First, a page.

Pace Cars Of The Indy 500 Is A Quaint Slice Of Motorsport History Packaged In A Coffee Table Book

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Photo: Ron McQueeney/General Motors (Getty Images)

We take for granted many of the Indianapolis 500’s traditions, including the introduction of the pace car, so any book that focuses on detailing the year-by-year changes of those traditions has me hooked long before I even open the cover. And that’s exactly what happened with Pace Cars of the Indy 500 by L. Spencer Riggs.

My aunt sent me Pace Cars of the Indy 500 a few years ago as a Christmas gift, and it ended up getting lost in the fray of my apartment after I’d abandoned it during the COVID-19 pandemic. As I packed up, the bright cover of this book drew my eye right away, and I made sure to pack it with the things I was taking home, not putting into storage.

The format of the book is pretty simple. Each year of the Indy 500 that featured a pace car gets, at minimum, a two-page spread. One page offers information on the car, and the other is a large black-and-white photo of the car in question. As the years progressed, Riggs often includes two further pages of photos, many of which are in color.

In terms of the car info, Riggs usually includes the car’s specs — its horsepower, engine size, weight, and price at the time. He also frequently shares a little history about the car, the automaker, the driver who piloted the car on the pace lap, the driver who took home the car as part of his prize package, and what happened to the car later.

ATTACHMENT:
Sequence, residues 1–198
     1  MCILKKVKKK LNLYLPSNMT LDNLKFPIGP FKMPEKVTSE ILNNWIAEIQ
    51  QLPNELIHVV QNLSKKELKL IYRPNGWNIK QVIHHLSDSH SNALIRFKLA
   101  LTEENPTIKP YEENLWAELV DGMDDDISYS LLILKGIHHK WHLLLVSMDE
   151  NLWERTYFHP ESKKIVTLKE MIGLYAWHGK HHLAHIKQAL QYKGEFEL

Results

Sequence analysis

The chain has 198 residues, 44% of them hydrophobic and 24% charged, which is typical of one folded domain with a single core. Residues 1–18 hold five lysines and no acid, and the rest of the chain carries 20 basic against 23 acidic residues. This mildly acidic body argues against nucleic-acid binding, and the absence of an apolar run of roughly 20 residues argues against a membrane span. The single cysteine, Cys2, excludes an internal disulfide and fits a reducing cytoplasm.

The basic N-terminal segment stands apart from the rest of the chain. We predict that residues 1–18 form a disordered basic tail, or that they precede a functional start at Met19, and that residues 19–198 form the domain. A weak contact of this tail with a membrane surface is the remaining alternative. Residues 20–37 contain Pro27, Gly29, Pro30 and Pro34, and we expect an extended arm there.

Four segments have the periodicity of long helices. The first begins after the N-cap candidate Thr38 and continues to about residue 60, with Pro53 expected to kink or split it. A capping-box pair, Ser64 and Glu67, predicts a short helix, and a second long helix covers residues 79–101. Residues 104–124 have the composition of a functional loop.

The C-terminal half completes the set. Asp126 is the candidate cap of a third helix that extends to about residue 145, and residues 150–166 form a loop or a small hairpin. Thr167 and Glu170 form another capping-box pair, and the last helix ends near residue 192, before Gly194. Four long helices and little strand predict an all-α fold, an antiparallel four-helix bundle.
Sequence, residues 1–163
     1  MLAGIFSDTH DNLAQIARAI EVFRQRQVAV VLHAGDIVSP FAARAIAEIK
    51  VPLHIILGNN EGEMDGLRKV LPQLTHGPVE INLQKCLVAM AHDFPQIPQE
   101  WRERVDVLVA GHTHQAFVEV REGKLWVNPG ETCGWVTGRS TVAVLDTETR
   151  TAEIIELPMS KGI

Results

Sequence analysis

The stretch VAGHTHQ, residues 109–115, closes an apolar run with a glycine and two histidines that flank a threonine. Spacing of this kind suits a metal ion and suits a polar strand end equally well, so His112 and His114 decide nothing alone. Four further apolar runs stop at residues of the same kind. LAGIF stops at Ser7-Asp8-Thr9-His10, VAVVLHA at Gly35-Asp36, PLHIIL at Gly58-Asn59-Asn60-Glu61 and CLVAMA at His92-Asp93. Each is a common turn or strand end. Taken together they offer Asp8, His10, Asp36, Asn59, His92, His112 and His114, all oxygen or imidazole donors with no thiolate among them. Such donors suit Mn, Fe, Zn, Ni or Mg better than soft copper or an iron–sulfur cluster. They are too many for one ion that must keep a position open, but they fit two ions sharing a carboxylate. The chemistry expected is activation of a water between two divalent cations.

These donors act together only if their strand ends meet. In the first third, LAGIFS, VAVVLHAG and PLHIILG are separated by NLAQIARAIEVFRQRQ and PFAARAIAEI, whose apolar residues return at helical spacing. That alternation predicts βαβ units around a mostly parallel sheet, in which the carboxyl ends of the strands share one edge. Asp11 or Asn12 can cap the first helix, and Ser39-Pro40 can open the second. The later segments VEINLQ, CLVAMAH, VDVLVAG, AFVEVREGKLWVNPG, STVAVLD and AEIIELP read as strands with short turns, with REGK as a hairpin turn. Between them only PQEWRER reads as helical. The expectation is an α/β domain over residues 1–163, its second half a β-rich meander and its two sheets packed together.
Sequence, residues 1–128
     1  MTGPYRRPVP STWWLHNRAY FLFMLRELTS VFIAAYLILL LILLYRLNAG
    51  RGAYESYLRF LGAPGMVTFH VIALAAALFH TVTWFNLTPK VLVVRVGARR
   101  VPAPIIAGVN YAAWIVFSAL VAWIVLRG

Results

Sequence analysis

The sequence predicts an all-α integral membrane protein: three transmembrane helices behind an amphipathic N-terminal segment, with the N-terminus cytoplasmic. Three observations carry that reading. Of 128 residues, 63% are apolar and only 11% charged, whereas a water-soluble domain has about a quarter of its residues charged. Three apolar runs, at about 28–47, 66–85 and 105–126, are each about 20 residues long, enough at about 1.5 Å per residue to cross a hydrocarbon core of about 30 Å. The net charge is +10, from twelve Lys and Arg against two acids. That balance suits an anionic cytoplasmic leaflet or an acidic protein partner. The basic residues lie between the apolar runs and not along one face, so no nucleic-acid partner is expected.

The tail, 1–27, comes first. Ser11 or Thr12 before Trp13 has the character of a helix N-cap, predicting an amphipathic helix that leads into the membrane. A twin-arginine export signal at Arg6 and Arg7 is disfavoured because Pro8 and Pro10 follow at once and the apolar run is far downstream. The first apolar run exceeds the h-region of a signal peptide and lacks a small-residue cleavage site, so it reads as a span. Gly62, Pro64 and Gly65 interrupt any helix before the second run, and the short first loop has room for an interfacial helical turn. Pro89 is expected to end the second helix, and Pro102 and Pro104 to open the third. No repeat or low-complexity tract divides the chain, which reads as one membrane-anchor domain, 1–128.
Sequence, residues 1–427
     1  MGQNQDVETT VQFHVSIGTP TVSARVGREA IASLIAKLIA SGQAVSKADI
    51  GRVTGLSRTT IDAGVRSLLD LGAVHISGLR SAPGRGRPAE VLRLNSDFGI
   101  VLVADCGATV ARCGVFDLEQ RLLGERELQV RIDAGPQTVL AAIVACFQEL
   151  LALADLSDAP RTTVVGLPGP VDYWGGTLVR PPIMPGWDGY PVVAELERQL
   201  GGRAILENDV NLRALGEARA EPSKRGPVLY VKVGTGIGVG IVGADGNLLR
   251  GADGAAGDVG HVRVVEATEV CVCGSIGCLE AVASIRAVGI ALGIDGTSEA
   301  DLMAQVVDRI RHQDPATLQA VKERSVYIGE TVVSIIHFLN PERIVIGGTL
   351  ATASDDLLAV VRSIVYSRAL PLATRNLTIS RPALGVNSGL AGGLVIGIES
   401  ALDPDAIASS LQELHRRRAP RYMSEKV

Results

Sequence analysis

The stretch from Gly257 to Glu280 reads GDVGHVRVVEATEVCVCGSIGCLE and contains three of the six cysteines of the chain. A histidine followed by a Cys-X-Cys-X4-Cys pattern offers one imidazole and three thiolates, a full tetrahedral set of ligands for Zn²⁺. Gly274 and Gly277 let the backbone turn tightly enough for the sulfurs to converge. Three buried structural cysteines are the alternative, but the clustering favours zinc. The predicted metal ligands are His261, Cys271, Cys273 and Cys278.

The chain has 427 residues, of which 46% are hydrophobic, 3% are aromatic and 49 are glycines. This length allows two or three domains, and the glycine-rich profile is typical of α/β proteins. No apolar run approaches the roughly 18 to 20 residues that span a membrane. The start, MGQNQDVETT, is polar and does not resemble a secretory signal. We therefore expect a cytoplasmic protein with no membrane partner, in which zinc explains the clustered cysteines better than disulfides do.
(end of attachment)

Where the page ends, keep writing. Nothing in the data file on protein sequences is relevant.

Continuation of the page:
Essentially, pace cars — formerly known as pacesetters or pacemakers — became a way for automakers to flex some of their best technology. It was a huge honor for your car to be selected to pace the Indy 500 field, especially since Riggs also includes the sales figures of that model, which generally saw a significant increase after the car was selected

While the book doesn’t go into tons of historical detail, it does end up offering an encapsulated history of American automobiles in the sense that there are so many automakers that folded or took ages to be selected because they just weren’t considered iconic enough. Cole, for example, seems to be one of the author’s favored makes, but I don’t think most car enthusiasts today would recognize the name.

It was also a hell of a lot of fun to watch the evolution of the Speedway in the background of the photos. From brick to pavement, from initial pagoda to today’s iconic track feature, from front-engined roadsters to rear-engined racers, there’s so much history shared in the images that they’re worth the purchase of the book alone.

The perfectionist in me struggled a bit with the willy-nilly use of commas in this book, but that was my biggest complaint. Overall, Pace Cars of the Indy 500 is an exceptional bit of history, replete with gorgeous photos of cars you may not have ever heard of. Any Indy 500 fan — or historical automotive fan — will love flipping through this one.